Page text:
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MN considers 'organizing' protections for renters; Nikki Haley says 'I have a duty' to stay in race despite latest loss to Trump; MT teachers' union files pair of 'school choice' lawsuits.

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Donald Trump wins the South Carolina primary, but there's mixed feelings about what a second Trump term could mean, and President Biden addresses border issues with governors.

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WV Ratepayers Could Foot the Bill for Proposed 'Blue' Hydrogen Hub

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Wednesday, February 22, 2023   

The federal government is on the verge of announcing which states will receive $2 billion to create "blue" hydrogen hubs, and West Virginia, along with Pennsylvania, Ohio and other Appalachian states, are expected to be awarded funds.

Critics say the technology is radically expensive, inefficient, and isn't as "clean" as advertised. "Blue" hydrogen is produced using a process called steam reforming, which brings together natural gas and steam, releasing carbon dioxide as a byproduct.

Sean O'Leary, senior researcher at the Ohio River Valley Institute, explained residents will likely wind up covering the high cost of developing hydrogen hubs in the form of increased monthly energy bills.

"So while the federal government might hand over $2 billion, we have to come up with $2 billion of our own," O'Leary pointed out. "That money is going to have to be recovered, and it most likely will have to be recovered from ratepayers."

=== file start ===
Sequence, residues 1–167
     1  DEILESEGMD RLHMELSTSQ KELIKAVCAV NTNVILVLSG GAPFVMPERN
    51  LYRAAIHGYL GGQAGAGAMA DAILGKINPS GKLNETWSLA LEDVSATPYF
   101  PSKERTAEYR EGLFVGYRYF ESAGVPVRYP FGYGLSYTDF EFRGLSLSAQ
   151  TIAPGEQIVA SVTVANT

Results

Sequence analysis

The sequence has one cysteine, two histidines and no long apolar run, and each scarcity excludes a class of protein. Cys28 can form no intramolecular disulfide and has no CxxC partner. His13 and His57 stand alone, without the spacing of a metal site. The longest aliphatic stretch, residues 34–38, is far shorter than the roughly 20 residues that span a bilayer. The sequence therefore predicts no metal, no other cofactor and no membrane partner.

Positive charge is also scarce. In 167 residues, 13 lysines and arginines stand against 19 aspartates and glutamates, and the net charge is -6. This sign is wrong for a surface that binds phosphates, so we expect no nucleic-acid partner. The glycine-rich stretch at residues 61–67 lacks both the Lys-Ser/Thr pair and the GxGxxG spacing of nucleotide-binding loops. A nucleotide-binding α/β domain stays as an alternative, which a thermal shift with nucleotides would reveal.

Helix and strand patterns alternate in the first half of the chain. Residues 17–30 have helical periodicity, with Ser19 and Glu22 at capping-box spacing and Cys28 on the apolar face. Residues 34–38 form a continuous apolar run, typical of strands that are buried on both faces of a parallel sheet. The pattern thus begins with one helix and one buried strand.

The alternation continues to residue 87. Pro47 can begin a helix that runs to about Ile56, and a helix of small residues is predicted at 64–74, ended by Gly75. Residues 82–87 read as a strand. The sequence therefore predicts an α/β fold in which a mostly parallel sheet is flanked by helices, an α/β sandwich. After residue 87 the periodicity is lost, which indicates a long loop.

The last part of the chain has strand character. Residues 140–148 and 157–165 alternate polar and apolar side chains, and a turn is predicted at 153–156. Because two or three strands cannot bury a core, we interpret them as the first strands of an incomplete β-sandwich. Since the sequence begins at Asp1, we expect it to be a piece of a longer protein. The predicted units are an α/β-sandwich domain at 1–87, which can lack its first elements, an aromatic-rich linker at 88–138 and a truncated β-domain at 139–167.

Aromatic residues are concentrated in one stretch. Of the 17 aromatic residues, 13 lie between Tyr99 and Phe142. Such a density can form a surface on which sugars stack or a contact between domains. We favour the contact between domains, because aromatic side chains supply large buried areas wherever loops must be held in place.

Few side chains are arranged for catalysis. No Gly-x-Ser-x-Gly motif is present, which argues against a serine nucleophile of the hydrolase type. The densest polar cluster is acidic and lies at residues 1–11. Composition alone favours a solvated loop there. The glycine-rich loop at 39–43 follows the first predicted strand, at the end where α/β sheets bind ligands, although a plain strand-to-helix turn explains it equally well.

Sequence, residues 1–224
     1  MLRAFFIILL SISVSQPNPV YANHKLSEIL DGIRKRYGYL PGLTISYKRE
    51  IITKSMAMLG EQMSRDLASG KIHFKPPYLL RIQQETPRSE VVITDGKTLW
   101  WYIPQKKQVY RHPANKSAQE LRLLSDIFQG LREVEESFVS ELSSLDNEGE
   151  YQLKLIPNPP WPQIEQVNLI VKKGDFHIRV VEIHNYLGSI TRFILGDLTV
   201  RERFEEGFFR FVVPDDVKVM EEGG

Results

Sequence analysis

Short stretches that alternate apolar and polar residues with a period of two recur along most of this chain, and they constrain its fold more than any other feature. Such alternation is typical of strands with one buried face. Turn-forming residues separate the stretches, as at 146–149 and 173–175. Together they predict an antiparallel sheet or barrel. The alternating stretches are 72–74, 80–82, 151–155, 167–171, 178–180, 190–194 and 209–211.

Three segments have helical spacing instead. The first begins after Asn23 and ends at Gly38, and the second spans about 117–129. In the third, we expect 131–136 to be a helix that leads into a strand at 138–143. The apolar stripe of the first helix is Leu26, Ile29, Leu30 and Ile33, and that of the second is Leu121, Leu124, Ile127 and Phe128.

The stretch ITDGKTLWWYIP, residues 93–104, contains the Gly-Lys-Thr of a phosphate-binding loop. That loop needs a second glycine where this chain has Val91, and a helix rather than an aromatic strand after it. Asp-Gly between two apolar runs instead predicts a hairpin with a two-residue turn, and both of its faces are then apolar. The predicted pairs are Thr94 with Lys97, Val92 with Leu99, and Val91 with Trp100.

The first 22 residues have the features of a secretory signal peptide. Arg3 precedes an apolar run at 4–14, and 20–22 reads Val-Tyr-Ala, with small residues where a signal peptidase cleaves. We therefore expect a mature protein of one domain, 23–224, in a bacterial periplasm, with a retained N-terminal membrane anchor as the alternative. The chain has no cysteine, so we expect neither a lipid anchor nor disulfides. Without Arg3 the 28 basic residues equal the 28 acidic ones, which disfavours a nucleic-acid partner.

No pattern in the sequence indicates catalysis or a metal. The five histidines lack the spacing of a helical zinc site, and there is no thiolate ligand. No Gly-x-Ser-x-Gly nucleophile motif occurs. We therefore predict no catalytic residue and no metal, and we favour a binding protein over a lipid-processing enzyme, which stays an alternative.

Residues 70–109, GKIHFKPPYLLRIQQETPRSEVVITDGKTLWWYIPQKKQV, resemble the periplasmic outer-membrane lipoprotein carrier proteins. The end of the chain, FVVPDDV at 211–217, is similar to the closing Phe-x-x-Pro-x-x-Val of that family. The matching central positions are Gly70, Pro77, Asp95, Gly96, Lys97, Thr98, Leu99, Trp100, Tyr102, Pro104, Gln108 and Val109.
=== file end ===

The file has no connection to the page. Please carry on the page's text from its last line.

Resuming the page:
The Biden administration said the hubs will help slash emissions from carbon-intensive sectors and open up economic opportunity for clean energy businesses.

According to the Bureau of Labor Statistics, consumers paid more than 14% more for electricity last year. O'Leary contended without a shift to low-cost renewables, a greater chunk of residents' household budgets will likely go toward energy bills.

"Those costs which have already for the last decade, been skyrocketing at one of the fastest rates in the nation, will continue to skyrocket and go up even more as the portion of funding that's required for the hydrogen hub gets passed through to ratepayers," O'Leary stressed.

O'Leary also pointed out most of the infrastructure for blue hydrogen hubs still relies on fracking used to tap into natural gas, and the same carbon capture technology involved in retrofitting coal-fired power plants and gas fired power plants.

"In fact, most of the carbon that would be captured would come from coal and gas fired power plants, and not the manufacturer of hydrogen," O'Leary added.

A 2021 study published in the journal Energy Science and Engineering found blue hydrogen might be just as bad or worse for the environment than burning coal.

Disclosure: The Ohio River Valley Institute contributes to our fund for reporting on Budget Policy and Priorities, Climate Change/Air Quality, Energy Policy, and Public Lands/Wilderness. If you would like to help support news in the public interest, click here.


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